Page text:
Here’s a(nother) Scary Thing about Zero Results Serps

A full 48 hours after my post on zero results serps, and how they could be a fundamental issue to online marketers, we see a great example of how they could be weaponized in the not too distant future.

Case in point (and no, this isn’t a Zero Result Serp, but its hard to see why Google wouldn’t roll out to companies phone numbers under the same reasonings of user speed):

So Whats The Problem?

Well, for a start, thats NOT Spotify’s phone number.  Thats a scam operator, who has been using SEO to try and get that phone number to rank for [“company name” + Support].

Apart from Spotify, you also see references to Apple Customer Support when googling that number, so its been tried a number of times.

Why Does Google Display this Result?

Well, for a start, this page actually ON Spotify is a good reason:

So if that’s not the right number, how has this happened?  There’s a couple of steps in this process, and whoever worked it out was certainly looking for a specific vulnerability, here’s the process:

  • Spotify incorrectly are allowing Google crawlers to see search pages on their site, and further, they are allowing data entry into the search form, through a query string on the URL.There’s two things wrong with this:  firstly, allowing internal search results to be indexed (which is expressly advised against by Google, and has been for over a decade) is a significant risk to organic search.Think about it this way, you could create massive amounts of duplicate content, just by linking directly to search results pages!

    If you can’t visualize my point, here’s an example.

  • The third party then gets Google to crawl the spammer created page, simply by linking externally to it from another website, twitter account, google plus bookmark, or by pinging through PuSH or similar.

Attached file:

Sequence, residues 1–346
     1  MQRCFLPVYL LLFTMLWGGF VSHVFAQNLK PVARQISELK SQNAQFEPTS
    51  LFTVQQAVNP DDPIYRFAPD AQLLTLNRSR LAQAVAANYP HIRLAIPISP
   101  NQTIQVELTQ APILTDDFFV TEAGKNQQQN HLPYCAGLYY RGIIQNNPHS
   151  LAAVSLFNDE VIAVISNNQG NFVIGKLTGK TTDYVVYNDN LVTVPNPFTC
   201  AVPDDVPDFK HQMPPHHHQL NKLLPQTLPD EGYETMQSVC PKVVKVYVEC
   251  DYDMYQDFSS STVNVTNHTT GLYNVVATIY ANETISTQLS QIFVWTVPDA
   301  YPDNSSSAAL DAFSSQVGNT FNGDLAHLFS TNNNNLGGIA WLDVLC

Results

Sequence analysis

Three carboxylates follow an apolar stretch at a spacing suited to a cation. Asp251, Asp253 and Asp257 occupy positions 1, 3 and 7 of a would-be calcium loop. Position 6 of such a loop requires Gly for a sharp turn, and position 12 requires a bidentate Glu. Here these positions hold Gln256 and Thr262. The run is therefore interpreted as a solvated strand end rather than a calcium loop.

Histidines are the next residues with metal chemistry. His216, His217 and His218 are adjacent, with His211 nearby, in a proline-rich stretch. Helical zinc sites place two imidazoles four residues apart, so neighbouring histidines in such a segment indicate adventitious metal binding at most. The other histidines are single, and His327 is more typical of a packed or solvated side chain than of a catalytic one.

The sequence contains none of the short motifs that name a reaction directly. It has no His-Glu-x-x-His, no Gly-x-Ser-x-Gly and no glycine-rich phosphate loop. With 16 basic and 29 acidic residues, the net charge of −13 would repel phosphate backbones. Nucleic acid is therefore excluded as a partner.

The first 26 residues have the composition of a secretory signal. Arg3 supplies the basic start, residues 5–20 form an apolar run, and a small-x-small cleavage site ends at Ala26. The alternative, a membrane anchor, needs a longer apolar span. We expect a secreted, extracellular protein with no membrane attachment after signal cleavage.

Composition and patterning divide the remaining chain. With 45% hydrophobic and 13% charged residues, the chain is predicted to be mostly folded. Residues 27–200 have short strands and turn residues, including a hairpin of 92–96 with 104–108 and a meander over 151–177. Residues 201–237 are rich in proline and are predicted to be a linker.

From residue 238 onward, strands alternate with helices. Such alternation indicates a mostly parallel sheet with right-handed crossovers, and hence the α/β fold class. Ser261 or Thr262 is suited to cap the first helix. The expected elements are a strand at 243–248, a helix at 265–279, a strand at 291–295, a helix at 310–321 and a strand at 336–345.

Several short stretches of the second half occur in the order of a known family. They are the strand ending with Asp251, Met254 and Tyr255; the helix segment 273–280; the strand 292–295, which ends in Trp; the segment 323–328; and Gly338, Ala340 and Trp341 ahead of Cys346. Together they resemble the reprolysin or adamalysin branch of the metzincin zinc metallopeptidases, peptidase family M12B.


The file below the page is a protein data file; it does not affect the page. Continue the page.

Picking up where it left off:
Because there are no “better results” on Spotify for their phone number, Google see’s the page that the spammer created the same way as I did above, scrapes the phone number, assumes it to be true as it originated from the correct domain, and displays it as an answer-box…

 

How Can I Stop This Happening to my Site?

Good news is, this should be fairly straightforward, you should prevent Google from crawling search results on your site, or indeed any other URLs that can inject content onto the rendered output of the page, through data passed in a query string.

This should either be achieved using a noindex tag in the head, or simply disallowing the directories crawling using Robots.txt.

How Can Google Stop Helping Scam Consumers?

It’d be a great start not displaying these answer boxes, providing ‘definitive’ answers directly in the SERPs, when they aren’t totally sure its correct. 

This would cover basically anything that’s scraped off the web, as opposed to directly provided by site owners to Google (through an as yet non existent mechanism).

 

Also Google, lets not make this any worse by removing the Search Results, eh? 😉

 

Martin MacDonald
Previously: Head of SEO, Omnicom. Inbound Marketing Director, Expedia. Head of Content & SEO, Orbitz. Currently: Marketing Consultant to Fortune 500's and High Growth Startups locally in Silicon Valley. Retired BlackHat & Current Tech SEO Geek.
Martin MacDonald

@searchmartin

Founder of Digital Marketing Consultancy, MOGmedia. Former head of SEO & Content for Orbitz, Expedia EAN, Omnicom & more. British/Spanish.
@JohnMu CreativeSEO used to mean something very different: 😇🤭😂 https://t.co/eOs0JYAp05 - 8 hours ago